- Stay inside before dusk and before dawn
- Closely supervise children and pets whenever they play outdoors
- Make lots of noise when you’re crossing your campsite between dusk and dawn when mountain lions or bears are most active
- Clean up camp often
- Store your food and garbage properly at all times.
- Keep your tent and sleeping bag free of food smells.
- Tents should be placed 100 yards from the cooking/eating area, and clothes worn while cooking should be stored away.
- Put garbage in your trunk and pack it out at the end of your stay.
- Store Your food and toiletries safely
All food coolers and toiletries should be stored in your trunk or high in a tree
- For extra safety, consider suspending your supplies
- Hang your supplies out of reach, at least 10 feet from the ground and 4 feet from the base
Crossing a Mountain Lion
- Be Calm
- Stop, and slowly back away while facing the lion
- Do not crouch down or turn your back
- Pick up your children to protect them so that they won’t panic and run
- Speak firmly
- Raise your arms or open your jacket to appear bigger than you are
- If the lion acts aggressively throw stones, branches, or whatever you can
If the lion attacks you FIGHT BACK
Meeting a Black Bear
- Remain Calm
- Stop, and slowly back away while facing the bear and avoid eye contact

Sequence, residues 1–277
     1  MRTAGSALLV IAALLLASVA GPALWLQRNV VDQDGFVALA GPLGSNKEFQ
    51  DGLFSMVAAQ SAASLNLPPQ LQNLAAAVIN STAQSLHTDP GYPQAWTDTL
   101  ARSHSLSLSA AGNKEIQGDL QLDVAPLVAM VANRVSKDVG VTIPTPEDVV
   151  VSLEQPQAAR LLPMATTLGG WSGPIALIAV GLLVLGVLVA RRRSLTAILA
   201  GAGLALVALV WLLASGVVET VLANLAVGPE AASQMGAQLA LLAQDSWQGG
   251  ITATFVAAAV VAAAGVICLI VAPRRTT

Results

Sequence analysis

- Do not make any sudden movements
- Talk softly and try to show no fear
- If the bear attacks you FIGHT BACK
Our Guide to Wildlife Watching
Here are a few simple ways to blend into an animal’s surroundings. In return, you’ll be treated to a wildlife show that makes your heart pound and senses hum.
Fade Into the Woodwork
Wear natural colors, unscented lotions, remove glasses, and walk softly
Let Animals be Themselves
Do not share your food, “save” baby animals, or throw objects.
Stick to the Sidelines
Use binoculars or zoom lenses, and give nests a wide berth
Come to Your Senses
Focus and expand your attention, stop, look, and listen
Be Easy to Be With
Relax and make yourself as small and unassuming as possible
Think Like an Animal
When does it feed, nap, bathe, and drink? Dusk and dawn are usually good bets
Clear Creek County is the gateway to the Rocky Mountains. Located just west of Denver along Interstate 70, Clear Creek has 396 square miles of public lands to explore, as well as four mountain peaks above 14,000 feet. Clear Creek is comprised of charming mountains towns Idaho Springs, Downieville, Lawson, Empire, Georgetown, and Silver Plume, which are all along the I-70 corridor. Learn more about Clear Creek County here.